Despite the ongoing rush to swap out fossil fuel-guzzling vehicles for greener rechargeable electric vehicles (EVs), EV manufacturers find themselves losing more money faster than they can earn it.
Third-quarter reports for companies like the Lucid Group and Rivian Automotive show that manufacturers suffer from substantial losses due to rising costs for raw materials and overall production. In addition, present circumstances have kept numerous companies from meeting their delivery targets, and the delays are making significant cuts to their earnings.
Lucid, in particular, saw its cost of revenue rise to around $492.5 million in Q3 compared to $3.3 million at the same time last year. The company also reported more significant losses due to order cancellations as customers are uncomfortable with the idea of extended waiting for their EVs.
While the company presently has resources to keep operating well into Q4-2023, its stock price plunged by 17% following its earnings report and ended last week with a further decrease of 4.4% in value. Lucid’s market value has also been reduced by around two-thirds, dropping from $95 billion to just $20 billion compared to its peak in November last year.
Nevertheless, the company remains backed by the Public Investment Fund of Saudi Arabia and seeks to raise $1.5 billion by selling some of its stocks.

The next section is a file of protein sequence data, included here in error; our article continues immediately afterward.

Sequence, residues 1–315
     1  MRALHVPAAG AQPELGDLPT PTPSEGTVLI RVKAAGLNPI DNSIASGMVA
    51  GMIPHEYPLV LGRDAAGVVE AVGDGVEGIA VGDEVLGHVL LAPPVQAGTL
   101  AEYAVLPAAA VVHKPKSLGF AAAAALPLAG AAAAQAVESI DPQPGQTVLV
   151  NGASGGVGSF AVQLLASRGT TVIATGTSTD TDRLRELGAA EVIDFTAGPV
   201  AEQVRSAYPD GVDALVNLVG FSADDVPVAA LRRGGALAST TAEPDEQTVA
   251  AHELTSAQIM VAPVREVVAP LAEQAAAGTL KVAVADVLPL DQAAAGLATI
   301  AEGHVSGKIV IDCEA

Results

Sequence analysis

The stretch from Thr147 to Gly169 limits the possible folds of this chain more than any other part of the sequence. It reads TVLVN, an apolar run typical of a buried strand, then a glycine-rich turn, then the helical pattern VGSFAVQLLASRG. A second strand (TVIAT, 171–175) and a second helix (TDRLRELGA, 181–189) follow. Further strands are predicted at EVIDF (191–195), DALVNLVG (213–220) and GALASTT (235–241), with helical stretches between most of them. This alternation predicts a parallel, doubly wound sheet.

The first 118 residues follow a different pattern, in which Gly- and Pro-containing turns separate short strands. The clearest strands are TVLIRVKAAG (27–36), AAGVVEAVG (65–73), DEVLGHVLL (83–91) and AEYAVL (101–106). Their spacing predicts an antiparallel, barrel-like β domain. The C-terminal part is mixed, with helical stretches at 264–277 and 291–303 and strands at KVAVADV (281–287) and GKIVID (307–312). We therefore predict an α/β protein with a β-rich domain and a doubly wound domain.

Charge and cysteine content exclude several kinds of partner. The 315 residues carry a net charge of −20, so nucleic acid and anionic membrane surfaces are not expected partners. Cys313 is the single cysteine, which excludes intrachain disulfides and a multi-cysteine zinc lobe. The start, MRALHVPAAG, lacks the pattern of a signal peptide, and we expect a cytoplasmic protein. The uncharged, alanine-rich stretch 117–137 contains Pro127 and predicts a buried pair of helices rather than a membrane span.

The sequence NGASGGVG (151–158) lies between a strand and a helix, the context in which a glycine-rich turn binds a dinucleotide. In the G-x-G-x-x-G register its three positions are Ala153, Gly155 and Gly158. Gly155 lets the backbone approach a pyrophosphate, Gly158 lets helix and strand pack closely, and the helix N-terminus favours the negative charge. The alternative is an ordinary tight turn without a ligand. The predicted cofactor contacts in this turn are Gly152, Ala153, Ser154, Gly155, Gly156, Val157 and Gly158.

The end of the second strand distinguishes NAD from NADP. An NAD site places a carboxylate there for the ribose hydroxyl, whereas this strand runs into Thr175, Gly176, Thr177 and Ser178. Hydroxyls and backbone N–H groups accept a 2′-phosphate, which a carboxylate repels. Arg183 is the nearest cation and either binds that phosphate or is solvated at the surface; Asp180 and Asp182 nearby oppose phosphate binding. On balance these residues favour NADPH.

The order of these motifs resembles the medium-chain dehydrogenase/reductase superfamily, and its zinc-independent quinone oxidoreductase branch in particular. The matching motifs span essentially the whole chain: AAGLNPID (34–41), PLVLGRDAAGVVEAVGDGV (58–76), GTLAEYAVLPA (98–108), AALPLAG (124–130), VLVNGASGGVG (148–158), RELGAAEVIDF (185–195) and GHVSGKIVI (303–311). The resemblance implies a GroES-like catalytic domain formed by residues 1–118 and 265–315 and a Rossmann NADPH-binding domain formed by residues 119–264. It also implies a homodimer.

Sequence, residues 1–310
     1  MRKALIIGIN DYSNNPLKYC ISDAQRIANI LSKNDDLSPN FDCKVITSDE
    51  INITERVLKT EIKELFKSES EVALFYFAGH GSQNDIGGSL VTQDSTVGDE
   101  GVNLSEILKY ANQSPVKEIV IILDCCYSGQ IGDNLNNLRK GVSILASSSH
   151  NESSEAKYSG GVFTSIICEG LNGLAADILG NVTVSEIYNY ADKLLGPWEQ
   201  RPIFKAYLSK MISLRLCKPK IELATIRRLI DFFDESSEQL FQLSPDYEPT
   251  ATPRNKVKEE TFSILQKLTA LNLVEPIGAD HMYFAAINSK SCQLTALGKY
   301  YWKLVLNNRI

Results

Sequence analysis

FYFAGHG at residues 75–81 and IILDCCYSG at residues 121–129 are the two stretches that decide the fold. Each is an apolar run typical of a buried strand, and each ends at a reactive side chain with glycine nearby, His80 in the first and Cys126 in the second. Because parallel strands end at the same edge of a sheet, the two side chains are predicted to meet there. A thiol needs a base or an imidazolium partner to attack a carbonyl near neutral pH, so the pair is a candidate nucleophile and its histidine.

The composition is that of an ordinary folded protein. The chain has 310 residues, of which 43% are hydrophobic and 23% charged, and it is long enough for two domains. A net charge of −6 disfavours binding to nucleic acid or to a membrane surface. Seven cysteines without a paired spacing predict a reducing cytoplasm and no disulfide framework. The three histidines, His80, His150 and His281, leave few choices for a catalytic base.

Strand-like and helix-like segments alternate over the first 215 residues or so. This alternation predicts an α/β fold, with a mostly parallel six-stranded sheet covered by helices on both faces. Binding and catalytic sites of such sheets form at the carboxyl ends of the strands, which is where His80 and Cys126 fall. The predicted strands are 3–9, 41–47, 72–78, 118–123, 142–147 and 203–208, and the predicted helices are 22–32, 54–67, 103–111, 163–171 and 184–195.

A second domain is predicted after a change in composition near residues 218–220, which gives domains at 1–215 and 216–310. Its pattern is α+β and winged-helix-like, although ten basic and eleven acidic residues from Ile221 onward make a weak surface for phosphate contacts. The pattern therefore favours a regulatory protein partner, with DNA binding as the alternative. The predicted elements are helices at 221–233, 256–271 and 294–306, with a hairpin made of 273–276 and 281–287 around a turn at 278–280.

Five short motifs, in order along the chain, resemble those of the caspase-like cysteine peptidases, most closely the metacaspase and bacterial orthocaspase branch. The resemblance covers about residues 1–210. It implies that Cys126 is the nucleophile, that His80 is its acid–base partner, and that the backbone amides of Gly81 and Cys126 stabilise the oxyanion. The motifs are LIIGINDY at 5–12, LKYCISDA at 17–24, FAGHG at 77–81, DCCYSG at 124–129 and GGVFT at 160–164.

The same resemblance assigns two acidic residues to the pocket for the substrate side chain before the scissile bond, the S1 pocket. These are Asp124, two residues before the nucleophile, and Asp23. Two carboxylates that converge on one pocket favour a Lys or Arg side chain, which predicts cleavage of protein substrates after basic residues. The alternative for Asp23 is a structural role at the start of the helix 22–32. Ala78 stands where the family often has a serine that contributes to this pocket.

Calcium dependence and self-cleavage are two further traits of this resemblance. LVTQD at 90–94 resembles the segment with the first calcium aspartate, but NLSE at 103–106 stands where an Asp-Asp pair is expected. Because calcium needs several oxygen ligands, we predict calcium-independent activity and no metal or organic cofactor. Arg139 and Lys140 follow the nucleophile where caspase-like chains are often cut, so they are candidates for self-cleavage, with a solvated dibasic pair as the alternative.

Not the Only One
But Lucid is far from the only EV production firm feeling a financial crunch.
Just last week, UK firm Arrival SA announced that it may not have enough money to keep operating well into 2023 and may need to cut down its workforce even before it gets mass production up and running.
Arrival president Avinash Rugoobur remarked that, even as his company works tirelessly on innovative technologies, the prognosis for its business continuity is becoming bleaker by the day.
Another firm, Canoo Inc., also expressed doubts about its continued operations. Canoo ended the third quarter with $6.8 million in cash and other assets, a massive plunge from the $415 million it reported last year.
Many of the firms that hopped aboard the EV bandwagon were drawn to it by the success of Tesla, which remains the leader in the industry.
However, many of these startups suffered from significant losses throughout the third quarter, and it is unlikely that some will remain open as the year draws to a close.
Indeed, given how surging inflation has driven up the cost of production and ongoing supply chain issues continue to spark production delays, it is likely that the industry will find itself several players short as 2023 rolls in.